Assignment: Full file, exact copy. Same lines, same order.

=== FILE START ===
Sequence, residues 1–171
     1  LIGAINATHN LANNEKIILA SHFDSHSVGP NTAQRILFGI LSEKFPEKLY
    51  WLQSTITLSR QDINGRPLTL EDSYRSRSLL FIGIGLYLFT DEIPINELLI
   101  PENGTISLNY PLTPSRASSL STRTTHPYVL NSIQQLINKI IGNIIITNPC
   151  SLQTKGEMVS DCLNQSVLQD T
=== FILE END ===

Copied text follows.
Sequence, residues 1–171
     1  LIGAINATHN LANNEKIILA SHFDSHSVGP NTAQRILFGI LSEKFPEKLY
    51  WLQSTITLSR QDINGRPLTL EDSYRSRSLL FIGIGLYLFT DEIPINELLI
   101  PENGTISLNY PLTPSRASSL STRTTHPYVL NSIQQLINKI IGNIIITNPC
   151  SLQTKGEMVS DCLNQSVLQD T